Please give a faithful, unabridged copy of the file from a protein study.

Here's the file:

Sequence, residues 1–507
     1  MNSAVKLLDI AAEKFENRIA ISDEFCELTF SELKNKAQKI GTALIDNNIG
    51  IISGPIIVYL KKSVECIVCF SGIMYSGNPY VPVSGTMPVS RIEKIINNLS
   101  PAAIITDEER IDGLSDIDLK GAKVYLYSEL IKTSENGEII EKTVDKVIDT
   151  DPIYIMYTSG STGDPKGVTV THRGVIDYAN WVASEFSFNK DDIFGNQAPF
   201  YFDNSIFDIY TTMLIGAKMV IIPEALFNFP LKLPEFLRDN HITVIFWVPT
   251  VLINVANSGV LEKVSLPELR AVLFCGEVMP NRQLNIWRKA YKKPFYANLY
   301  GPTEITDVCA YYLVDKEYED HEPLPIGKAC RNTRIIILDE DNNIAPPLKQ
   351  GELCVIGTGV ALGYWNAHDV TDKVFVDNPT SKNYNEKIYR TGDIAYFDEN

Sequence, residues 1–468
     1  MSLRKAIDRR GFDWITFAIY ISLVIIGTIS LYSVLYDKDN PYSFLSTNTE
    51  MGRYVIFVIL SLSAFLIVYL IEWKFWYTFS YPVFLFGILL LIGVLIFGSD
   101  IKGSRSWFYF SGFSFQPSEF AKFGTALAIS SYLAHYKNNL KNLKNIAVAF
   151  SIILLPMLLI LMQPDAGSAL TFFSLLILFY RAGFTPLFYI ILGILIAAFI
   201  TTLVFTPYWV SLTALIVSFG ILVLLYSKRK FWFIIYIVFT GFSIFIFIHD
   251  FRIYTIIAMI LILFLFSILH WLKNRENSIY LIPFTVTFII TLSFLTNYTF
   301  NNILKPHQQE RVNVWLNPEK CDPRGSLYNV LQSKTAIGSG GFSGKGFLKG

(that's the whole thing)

Sequence, residues 1–507
     1  MNSAVKLLDI AAEKFENRIA ISDEFCELTF SELKNKAQKI GTALIDNNIG
    51  IISGPIIVYL KKSVECIVCF SGIMYSGNPY VPVSGTMPVS RIEKIINNLS
   101  PAAIITDEER IDGLSDIDLK GAKVYLYSEL IKTSENGEII EKTVDKVIDT
   151  DPIYIMYTSG STGDPKGVTV THRGVIDYAN WVASEFSFNK DDIFGNQAPF
   201  YFDNSIFDIY TTMLIGAKMV IIPEALFNFP LKLPEFLRDN HITVIFWVPT
   251  VLINVANSGV LEKVSLPELR AVLFCGEVMP NRQLNIWRKA YKKPFYANLY
   301  GPTEITDVCA YYLVDKEYED HEPLPIGKAC RNTRIIILDE DNNIAPPLKQ
   351  GELCVIGTGV ALGYWNAHDV TDKVFVDNPT SKNYNEKIYR TGDIAYFDEN

Sequence, residues 1–468
     1  MSLRKAIDRR GFDWITFAIY ISLVIIGTIS LYSVLYDKDN PYSFLSTNTE
    51  MGRYVIFVIL SLSAFLIVYL IEWKFWYTFS YPVFLFGILL LIGVLIFGSD
   101  IKGSRSWFYF SGFSFQPSEF AKFGTALAIS SYLAHYKNNL KNLKNIAVAF
   151  SIILLPMLLI LMQPDAGSAL TFFSLLILFY RAGFTPLFYI ILGILIAAFI
   201  TTLVFTPYWV SLTALIVSFG ILVLLYSKRK FWFIIYIVFT GFSIFIFIHD
   251  FRIYTIIAMI LILFLFSILH WLKNRENSIY LIPFTVTFII TLSFLTNYTF
   301  NNILKPHQQE RVNVWLNPEK CDPRGSLYNV LQSKTAIGSG GFSGKGFLKG